Keighley, T, Longden, T, Mathew, S & Trück, S 2018, 'Quantifying catastrophic and climate impacted hazards based on local expert opinions', Journal of Environmental Management, vol. 205, pp. 262-273.View/Download from: UTS OPUS or Publisher's site
Longden, T, Hall, J & Van Gool, K 2018, 'Supplier-induced demand for urgent after-hours primary care services', Health Economics, vol. 27, no. 10, pp. 1594-1608.View/Download from: UTS OPUS or Publisher's site
Longden, T, Wong, C, Haywood, P, Hall, J & Van Gool, K 2018, 'The prevalence of persistence and related health status: An analysis of persistently high healthcare costs in the short term and medium term', Social Science and Medicine, vol. 211, pp. 147-156.View/Download from: UTS OPUS or Publisher's site
Carrara, S & Longden, T 2017, 'Freight futures: The potential impact of road freight on climate policy', Transportation Research Part D: Transport and Environment, vol. 55, pp. 359-372.View/Download from: UTS OPUS or Publisher's site
This paper describes changes to the modelling of the transport sector in the WITCH (World Induced Technical Change Hybrid) model to incorporate road freight and account for the intensity of freight with respect to GDP. Modelling freight demand based on the intensity of freight with respect to GDP allows for a focus on the importance of road freight with respect to the cost-effective achievement of climate policy targets. These climate policy targets are explored using different GDP pathways between 2005 and 2100, which are sourced from the Shared Socioeconomic Pathways (SSPs) database. Our modelling shows that the decarbonisation of the freight sector tends to occur in the second part of the century and that the sector decarbonises by a lower extent than the rest of the economy. Decarbonising road freight on a global scale remains a challenge even when notable progress in biofuels and electric vehicles has been accounted for.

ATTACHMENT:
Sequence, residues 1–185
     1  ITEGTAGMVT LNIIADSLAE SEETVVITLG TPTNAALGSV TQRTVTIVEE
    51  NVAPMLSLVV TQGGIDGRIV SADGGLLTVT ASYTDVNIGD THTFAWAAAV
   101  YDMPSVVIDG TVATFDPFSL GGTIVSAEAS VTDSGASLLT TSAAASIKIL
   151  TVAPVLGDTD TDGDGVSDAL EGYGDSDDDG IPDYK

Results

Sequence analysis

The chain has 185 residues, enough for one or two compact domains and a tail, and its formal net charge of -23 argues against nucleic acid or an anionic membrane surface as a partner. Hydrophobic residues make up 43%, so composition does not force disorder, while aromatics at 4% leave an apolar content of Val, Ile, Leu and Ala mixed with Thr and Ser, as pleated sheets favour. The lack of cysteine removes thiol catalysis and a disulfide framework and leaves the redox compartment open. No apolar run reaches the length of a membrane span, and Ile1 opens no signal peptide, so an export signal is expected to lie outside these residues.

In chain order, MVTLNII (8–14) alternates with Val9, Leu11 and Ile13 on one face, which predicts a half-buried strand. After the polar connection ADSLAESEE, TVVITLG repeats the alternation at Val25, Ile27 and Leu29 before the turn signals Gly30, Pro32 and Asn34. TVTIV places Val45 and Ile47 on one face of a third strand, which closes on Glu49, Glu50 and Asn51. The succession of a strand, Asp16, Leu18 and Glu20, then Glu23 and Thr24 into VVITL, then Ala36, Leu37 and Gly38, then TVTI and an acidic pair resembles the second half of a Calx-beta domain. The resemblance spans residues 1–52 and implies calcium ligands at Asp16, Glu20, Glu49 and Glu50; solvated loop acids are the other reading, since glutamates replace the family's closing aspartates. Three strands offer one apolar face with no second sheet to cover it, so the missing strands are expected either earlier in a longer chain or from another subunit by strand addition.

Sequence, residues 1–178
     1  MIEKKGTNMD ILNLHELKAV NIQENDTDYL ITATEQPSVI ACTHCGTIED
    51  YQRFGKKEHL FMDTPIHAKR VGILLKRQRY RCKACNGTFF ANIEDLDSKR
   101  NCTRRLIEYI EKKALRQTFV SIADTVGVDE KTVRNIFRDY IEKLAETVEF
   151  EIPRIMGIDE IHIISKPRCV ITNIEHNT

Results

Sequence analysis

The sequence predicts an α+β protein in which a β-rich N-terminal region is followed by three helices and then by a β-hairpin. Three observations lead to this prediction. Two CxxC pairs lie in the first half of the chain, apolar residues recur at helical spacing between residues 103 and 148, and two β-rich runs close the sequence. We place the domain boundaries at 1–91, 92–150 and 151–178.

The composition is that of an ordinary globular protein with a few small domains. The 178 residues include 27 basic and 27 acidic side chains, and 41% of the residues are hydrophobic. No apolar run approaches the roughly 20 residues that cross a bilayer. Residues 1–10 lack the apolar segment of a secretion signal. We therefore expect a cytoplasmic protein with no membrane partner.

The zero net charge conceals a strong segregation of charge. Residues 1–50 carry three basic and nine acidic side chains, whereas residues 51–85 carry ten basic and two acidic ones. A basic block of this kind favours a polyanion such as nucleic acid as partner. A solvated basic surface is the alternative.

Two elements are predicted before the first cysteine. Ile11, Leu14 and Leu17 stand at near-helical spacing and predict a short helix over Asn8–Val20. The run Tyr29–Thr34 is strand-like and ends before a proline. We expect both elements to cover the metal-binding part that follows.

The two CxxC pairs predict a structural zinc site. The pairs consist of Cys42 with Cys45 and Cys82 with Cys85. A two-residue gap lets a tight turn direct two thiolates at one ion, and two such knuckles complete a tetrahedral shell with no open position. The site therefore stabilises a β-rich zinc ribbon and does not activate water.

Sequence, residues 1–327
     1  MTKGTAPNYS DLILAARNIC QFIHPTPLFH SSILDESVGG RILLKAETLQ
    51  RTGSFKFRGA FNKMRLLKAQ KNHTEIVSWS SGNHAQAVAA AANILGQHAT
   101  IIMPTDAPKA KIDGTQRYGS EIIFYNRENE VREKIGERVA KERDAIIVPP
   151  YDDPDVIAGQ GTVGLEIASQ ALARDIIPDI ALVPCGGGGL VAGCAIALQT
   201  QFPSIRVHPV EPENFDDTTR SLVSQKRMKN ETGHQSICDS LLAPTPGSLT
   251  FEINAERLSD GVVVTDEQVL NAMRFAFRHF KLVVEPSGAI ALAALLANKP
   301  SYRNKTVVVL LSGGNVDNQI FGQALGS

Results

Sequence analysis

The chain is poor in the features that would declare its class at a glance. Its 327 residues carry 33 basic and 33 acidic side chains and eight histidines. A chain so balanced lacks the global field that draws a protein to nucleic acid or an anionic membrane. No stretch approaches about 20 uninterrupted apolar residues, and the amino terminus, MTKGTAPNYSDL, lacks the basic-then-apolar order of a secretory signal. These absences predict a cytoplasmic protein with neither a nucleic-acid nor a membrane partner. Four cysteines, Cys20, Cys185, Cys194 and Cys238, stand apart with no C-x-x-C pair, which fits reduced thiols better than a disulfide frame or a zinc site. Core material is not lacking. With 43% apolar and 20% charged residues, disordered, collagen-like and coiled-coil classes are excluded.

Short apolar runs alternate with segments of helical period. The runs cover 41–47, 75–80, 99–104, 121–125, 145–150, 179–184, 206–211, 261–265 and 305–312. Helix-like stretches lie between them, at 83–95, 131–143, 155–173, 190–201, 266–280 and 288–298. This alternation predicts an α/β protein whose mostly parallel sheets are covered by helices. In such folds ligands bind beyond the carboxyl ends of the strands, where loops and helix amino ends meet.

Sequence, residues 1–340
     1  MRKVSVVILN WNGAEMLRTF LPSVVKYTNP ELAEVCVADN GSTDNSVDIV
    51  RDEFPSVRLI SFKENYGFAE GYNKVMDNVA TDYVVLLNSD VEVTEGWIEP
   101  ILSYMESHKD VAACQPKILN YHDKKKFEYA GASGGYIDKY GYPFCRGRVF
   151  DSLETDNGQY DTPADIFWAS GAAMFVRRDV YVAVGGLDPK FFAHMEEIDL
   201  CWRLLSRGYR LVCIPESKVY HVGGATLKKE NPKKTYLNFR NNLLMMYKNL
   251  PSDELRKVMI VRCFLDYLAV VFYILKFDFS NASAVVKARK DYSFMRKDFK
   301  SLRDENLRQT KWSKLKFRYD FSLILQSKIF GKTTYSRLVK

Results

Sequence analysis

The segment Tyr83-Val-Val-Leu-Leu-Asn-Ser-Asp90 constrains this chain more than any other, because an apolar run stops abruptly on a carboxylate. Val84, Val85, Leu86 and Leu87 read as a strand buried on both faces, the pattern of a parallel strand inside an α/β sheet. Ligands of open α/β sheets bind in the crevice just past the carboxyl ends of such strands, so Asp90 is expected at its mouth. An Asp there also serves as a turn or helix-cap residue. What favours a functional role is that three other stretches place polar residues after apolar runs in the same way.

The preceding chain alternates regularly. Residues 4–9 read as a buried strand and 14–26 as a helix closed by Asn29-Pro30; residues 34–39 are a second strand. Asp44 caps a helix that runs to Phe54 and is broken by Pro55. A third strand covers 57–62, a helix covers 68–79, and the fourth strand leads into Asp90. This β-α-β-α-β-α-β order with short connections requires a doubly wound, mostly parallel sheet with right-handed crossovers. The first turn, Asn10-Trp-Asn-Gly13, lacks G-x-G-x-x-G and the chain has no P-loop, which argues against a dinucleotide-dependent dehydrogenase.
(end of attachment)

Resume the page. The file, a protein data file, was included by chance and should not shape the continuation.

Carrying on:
Kriegler, E, Riahi, K, Bauer, N, Schwanitz, VJ, Petermann, N, Bosetti, V, Marcucci, A, Otto, S, Paroussos, L, Rao-Skirbekk, S, Curras, TA, Ashina, S, Bollen, J, Eom, J, Hamdi-Cherif, M, Longden, T, Kitous, A, Mejean, A, Sano, F, Schaeffer, M, Wada, K, Capros, P, van Vuuren, DP, Edenhofer, O, Bertram, C, Bibas, R, Edmonds, J, Johnson, N, Krey, V, Luderer, G, McCollum, D & Jiang, K 2015, 'A short note on integrated assessment modeling approaches: Rejoinder to the review of "Making or breaking climate targets - The AMPERE study on staged accession scenarios for climate policy"', TECHNOLOGICAL FORECASTING AND SOCIAL CHANGE, vol. 99, pp. 273-276.View/Download from: Publisher's site